This interstate was designed to move people and commerce through the center section of our country between the north and south regions. It is designed to take the most efficient and convenient route possible...
Let’s make Shreveport growth happen again. Let’s plan for next generations that will come after us and finish I-49. Shreveport will then be a strong economic growth region in which companies will be eager to locate.
First, it should be noted that Harrison owns a business that manufactures sound barriers for highways. So, yes, his company will probably see “economic growth” if they get the contract for the I-49 connector’s sound barriers. But for the rest of the city that’s unlikely. The themes of “efficiency” and “convenience” mentioned here pervade much of the pro-highway commentary I read. There is an overarching sense of “this just makes sense so let’s do it” and “this is the most logical, efficient route,” with little thought for the immediate and ongoing expense of this project or the people whose lives would be uprooted by the project. A comment on Harrison’s op-ed unequivocally revealed this sentiment:
I understand that this might have a negative effect on the community Allendale however these areas have been declining for decades and will become completely dissolved in a few decades...
How easy it is to write off an entire community in favor of a few minutes saved on travel time driving through the city.
Others support the highway under the guise of helping Allendale. The I-49 Thru the City, Citizens For Facebook group is full of pro-highway comments claiming the inner-city connector will do everything from decrease crime (crime in Allendale is currently at historic lows) to bring jobs into the city (as we wrote yesterday, the amount of jobs this project is claiming it will bring is preposterous and completely unrealistic). The Facebook group’s administrator and founder, Pat Booras, posted earlier this month about the I-49 connector, “Everybody with 2 Eyes Can See It's the Catalyst / Final Infrastructure Piece.”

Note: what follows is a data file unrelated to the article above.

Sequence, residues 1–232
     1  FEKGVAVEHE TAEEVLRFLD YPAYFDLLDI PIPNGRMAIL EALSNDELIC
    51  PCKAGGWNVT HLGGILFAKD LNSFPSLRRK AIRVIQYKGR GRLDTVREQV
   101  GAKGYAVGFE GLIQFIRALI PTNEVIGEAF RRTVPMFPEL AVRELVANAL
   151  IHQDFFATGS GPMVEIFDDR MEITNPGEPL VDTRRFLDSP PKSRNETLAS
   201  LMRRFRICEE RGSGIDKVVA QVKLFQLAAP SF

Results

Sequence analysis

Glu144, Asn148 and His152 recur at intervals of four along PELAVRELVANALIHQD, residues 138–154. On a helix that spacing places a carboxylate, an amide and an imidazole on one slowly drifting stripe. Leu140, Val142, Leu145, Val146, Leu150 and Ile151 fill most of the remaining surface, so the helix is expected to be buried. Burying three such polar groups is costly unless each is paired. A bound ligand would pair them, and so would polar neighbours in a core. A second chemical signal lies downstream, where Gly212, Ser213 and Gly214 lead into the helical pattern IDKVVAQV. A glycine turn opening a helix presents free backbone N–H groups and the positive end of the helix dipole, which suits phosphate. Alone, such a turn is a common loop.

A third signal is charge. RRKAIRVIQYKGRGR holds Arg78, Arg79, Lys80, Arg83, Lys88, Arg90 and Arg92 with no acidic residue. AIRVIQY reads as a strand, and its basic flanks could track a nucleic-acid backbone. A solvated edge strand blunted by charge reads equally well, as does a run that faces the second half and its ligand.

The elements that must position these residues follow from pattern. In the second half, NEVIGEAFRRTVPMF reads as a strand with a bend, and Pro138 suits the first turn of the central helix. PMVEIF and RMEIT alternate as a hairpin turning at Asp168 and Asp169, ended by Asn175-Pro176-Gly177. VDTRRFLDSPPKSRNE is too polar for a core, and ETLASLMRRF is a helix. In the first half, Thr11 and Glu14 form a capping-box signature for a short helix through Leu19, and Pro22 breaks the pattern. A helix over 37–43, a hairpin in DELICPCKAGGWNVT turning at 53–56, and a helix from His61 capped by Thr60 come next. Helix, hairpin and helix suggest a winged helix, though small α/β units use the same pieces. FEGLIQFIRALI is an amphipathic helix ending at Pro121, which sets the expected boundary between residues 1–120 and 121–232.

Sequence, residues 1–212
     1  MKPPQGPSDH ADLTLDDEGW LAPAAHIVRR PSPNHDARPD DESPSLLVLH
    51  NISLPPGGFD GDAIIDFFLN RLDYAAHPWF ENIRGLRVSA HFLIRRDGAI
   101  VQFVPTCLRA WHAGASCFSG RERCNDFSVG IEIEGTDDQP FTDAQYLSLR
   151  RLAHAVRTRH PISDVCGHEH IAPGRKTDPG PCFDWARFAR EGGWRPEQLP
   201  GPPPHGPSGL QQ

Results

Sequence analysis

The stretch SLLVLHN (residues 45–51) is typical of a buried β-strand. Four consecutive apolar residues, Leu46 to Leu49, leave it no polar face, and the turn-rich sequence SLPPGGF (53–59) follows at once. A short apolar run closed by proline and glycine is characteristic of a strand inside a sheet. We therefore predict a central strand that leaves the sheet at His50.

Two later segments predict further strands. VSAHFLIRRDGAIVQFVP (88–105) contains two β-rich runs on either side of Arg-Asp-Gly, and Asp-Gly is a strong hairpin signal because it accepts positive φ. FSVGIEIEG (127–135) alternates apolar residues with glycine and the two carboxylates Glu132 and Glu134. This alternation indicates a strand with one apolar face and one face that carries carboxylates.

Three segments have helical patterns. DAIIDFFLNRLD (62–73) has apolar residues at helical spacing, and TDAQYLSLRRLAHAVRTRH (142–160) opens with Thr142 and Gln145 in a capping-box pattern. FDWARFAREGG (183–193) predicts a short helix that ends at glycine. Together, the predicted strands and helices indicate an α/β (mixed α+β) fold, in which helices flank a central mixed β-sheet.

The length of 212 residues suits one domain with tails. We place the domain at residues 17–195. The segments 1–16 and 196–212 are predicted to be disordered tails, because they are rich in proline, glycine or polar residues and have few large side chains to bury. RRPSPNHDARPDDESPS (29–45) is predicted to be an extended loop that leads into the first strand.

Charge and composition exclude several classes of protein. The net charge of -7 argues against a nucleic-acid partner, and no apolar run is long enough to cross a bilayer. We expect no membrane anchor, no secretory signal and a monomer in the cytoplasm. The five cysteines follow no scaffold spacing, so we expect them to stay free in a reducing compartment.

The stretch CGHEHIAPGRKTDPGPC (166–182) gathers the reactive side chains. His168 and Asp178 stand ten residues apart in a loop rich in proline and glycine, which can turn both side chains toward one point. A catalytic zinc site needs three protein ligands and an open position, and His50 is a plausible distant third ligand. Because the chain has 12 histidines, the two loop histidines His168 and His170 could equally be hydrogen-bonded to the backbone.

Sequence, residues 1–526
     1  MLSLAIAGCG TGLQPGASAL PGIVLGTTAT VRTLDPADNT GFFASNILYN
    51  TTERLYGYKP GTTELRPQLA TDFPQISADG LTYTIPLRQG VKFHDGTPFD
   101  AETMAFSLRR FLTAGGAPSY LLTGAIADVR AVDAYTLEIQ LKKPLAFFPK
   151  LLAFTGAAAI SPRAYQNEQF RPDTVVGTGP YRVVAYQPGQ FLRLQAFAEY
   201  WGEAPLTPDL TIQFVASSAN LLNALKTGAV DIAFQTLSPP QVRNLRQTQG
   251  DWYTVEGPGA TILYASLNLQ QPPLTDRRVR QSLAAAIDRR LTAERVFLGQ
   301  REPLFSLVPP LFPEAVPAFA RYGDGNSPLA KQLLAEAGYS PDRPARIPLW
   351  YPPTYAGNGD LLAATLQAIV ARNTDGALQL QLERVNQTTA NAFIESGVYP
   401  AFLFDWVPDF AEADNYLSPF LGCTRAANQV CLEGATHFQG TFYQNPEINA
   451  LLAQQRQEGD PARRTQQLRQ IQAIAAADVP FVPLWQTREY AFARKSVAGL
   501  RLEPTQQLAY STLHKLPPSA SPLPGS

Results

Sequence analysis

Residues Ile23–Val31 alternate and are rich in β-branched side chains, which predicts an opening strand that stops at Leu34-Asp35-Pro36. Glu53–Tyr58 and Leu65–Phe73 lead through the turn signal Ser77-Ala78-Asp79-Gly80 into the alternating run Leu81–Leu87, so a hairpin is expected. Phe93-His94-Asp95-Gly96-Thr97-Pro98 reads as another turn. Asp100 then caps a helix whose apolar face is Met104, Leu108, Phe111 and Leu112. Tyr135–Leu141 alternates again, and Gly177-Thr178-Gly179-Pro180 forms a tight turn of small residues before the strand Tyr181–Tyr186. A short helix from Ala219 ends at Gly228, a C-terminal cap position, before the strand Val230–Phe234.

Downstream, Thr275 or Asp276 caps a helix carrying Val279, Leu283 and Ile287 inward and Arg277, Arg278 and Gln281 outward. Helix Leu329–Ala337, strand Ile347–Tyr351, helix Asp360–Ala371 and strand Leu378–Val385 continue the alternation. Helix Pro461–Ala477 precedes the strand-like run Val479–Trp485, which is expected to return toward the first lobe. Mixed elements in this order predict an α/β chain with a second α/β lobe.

To me, all this rhetoric suggesting that a highway will draw visitors and businesses to the city, that it will help the residents whose very neighborhood will be destroyed by it, and overall, that it "just makes sense" is merely a cover-up for the real reason people want the highway: So they can drive quickly through the city. That's it. The desire for this highway has taken root and the people who want to see it through will not listen to any arguments against it.
The community input process has been criticized by many Allendale residents for being deceptive and manipulative. They went so far as to submit a letter to the US Transportation Secretary and others in senior leadership to complain. (Read the response letter here.) While many public meetings have been held, the Allendale residents I spoke with felt that their voices were not really been listened to.
One particularly misleading aspect of the public meetings involved "Choice Cards" being handed out to meeting attendees asking them which highway route they preferred. Instead of being asked to choose between Routes 1-5, they were first asked to indicate whether they supported building the highway or not, and then asked to select one of the four "build" options, all of which run through the city. It would be easy for those assessing the choice cards to decide to build the highway and then say, "Well, 40% of those surveyed wanted Option 3" (or whatever it ends up being), even though many of those who selected Option 3 truly don't want the highway built at all.
I won't go so far as to suggest that Shreveport residents are motivated by a desire to destroy a low-income neighborhood (although several Allendale community members have said as much). However, it's clear there is a disregard for the neighborhood in question and a pervading sense of entitlement that pro-highway Shreveporters have about their right to drive quickly through their city.